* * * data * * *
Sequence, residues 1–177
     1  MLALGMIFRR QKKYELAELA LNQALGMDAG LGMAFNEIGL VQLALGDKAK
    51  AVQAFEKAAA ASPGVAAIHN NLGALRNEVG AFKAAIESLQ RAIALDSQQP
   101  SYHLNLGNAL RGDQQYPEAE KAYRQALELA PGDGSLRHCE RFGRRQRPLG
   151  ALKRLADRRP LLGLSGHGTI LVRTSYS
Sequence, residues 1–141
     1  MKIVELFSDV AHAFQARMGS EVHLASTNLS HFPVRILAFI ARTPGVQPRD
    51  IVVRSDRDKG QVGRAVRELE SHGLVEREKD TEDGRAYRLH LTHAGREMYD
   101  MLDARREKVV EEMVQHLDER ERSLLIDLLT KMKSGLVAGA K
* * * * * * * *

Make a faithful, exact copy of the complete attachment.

Sequence, residues 1–177
     1  MLALGMIFRR QKKYELAELA LNQALGMDAG LGMAFNEIGL VQLALGDKAK
    51  AVQAFEKAAA ASPGVAAIHN NLGALRNEVG AFKAAIESLQ RAIALDSQQP
   101  SYHLNLGNAL RGDQQYPEAE KAYRQALELA PGDGSLRHCE RFGRRQRPLG
   151  ALKRLADRRP LLGLSGHGTI LVRTSYS
Sequence, residues 1–141
     1  MKIVELFSDV AHAFQARMGS EVHLASTNLS HFPVRILAFI ARTPGVQPRD
    51  IVVRSDRDKG QVGRAVRELE SHGLVEREKD TEDGRAYRLH LTHAGREMYD
   101  MLDARREKVV EEMVQHLDER ERSLLIDLLT KMKSGLVAGA K